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Updated 16 Jan 2021

Business models that could help companies grow

It’s believed that business as usual may no longer be good enough. Here’s why you should consider evolving the way your company operates.

19 April 2018  Share  0 comments  Print

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All businesses are transitional. That’s the view of Professor Robert Wolcott, a senior academic at the Kellogg School of Management at Northwestern University in the USA. “Business models can’t stay the same,” he believes. “We just can’t predict precisely when or how that transition needs to take place.”

In Harvard Business Review, Wolcott notes that businesses can’t keep doing what worked for years at the expense of the future. He says that experimenting with potential transitional business models now so that your company is ready to evolve when the time is right, is indispensable. “You can’t lead the way if you’re waiting for someone else to take the lead,” Wolcott says.

Related: Bob Skinstad On Making An Impact With The 80/20 Principle

Nervous to change the way you do business? Don’t be. Netflix founder and CEO Reed Hastings says:“Don’t be afraid to change the model.”He made the decision to split DVD rentals from Internet streaming services in 2009 and today Netflix is streamed in over 100 million homes.

Future-focused business models are needed

Companies that leverage established business models might survive in the short- to medium-term. But, businesses that don’t look at new ways of generating revenue could lose in the long run.

The Association of Chartered Certified Accountants (ACCA), a global body that represents accounting professionals, believes this is why evolving business models are important when it comes to achieving growth. “From technology to demography, the global economy is entering a new era. Re-appraisal of value proposition, value creation and value capture can open up new opportunities for companies to thrive,” the ACCA says.

The firm unpacks six business models in its report, some of which have already given rise to billion-dollar businesses. Other models have allowed companies to become household names around the world.

Different -types -of -business -models

Here are three of the business models that could help companies grow in the years to come:

1. The platform-based business model

Platform-based business models are those that cater to two-sided or multi-sided markets according to the ACCA. They work because they take advantage of digitally-enabled marketplaces to directly match buyers and sellers – or even content providers with content seekers.

The platform owner typically receives a fee from the platform users on both sides. Netflix is arguably the global winner here enabling film studios and filmmakers to gain direct access to media-consuming customers.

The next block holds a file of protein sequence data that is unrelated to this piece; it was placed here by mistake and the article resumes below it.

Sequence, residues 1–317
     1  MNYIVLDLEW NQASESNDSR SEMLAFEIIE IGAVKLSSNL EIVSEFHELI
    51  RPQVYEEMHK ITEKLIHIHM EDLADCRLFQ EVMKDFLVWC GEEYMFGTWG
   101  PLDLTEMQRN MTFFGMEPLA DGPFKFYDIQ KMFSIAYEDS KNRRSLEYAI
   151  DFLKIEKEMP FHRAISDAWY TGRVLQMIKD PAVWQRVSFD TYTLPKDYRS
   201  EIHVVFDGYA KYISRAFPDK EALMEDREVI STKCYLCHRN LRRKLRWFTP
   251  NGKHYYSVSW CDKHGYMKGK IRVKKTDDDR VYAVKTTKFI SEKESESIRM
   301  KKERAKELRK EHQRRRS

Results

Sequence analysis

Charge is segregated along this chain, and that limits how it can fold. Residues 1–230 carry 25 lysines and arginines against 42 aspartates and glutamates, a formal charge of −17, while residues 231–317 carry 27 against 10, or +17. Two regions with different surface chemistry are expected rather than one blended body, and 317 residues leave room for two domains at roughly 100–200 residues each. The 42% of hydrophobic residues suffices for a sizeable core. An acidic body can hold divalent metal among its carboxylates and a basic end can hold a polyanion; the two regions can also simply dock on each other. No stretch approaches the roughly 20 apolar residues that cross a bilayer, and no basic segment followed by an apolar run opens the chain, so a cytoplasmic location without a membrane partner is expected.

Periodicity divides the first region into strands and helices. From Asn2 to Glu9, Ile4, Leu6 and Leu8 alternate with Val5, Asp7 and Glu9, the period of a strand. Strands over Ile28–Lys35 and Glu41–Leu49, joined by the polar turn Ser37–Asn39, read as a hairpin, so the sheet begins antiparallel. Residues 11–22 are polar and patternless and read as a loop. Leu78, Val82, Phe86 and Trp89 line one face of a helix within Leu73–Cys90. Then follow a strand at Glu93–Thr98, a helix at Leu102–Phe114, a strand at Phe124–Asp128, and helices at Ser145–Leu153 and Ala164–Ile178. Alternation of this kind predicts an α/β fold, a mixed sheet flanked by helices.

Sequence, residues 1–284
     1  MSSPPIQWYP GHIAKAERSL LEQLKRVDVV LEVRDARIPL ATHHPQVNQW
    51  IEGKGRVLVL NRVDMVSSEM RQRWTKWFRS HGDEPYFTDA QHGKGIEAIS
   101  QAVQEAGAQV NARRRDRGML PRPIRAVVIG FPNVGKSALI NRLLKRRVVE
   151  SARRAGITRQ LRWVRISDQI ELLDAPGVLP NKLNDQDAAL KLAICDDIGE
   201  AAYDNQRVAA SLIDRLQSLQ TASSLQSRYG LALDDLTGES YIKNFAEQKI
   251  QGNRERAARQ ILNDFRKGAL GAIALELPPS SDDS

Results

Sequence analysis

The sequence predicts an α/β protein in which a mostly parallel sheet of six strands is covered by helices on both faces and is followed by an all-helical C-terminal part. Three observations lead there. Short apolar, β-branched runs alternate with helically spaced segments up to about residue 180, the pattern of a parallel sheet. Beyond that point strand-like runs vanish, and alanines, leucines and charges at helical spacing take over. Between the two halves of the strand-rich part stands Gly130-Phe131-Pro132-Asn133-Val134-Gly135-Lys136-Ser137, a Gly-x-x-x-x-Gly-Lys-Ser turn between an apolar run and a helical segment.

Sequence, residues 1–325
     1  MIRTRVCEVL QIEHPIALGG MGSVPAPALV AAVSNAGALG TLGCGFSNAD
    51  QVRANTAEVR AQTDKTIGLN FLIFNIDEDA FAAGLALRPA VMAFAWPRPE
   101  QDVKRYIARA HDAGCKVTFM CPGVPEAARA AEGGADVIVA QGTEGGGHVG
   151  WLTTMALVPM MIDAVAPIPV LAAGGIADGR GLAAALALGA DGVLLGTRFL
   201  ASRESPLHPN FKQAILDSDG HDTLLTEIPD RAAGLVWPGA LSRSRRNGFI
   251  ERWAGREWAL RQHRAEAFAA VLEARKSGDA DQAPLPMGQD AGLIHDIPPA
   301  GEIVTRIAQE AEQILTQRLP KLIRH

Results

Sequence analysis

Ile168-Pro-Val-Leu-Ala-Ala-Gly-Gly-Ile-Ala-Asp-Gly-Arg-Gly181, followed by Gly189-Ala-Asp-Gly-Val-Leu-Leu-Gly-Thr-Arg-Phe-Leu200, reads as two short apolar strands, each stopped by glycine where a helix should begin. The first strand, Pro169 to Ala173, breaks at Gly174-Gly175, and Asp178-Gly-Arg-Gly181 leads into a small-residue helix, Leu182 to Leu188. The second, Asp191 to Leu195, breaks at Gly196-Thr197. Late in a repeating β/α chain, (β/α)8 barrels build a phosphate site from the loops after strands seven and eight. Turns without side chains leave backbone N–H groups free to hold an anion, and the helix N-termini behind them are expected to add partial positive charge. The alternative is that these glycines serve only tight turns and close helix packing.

2. Mass customisation business model

In the past, the ACCA says large supply chains were required to bring a product together and deliver it to a customer’s doorstep. However, they say in today’s ‘on-demand’ world companies should look at replacing ‘in-stock’ items with ‘digital designs’ that are hosted in the Cloud.

These designs can be sent to customers as they request them and then a tailored product can be produced for the customer. Swiss watchmaker, Swatch leads here, allowing customers to pick watch designs that can be tailored to their tastes.

Related: Dr Greg Fisher's 5 key principles for executing your growth-driven strategy

3. Modern barter business model

The exchange of goods or services between people and businesses isn’t new. But, Mark Williams, managing director of trading platform Bartercard UK says: “Gone are the days when you swapped a sheep for a goat.”

New technology allows businesses to barter across a diverse range of sectors, as well as across borders, and receive substantial value back in return, he notes.

Think of it this way, if you’re an office furniture business and have some stock left over, it can be hard to find a taker for the last few chairs and desks. ACCA adds that barter business models offer the potential to free up a company’s cashflow, even out the peaks and troughs of demand, and extract more value out of goods or services that companies might be struggling to sell.


Business experts say that no business can stay the same. Smarter processes, re-invigorated systems, new markets and digital technologies pave the wave for heightened competitiveness. If company leaders don’t consider experimenting with new ways of generating revenue, more progressive companies might be calling your customers their customers.

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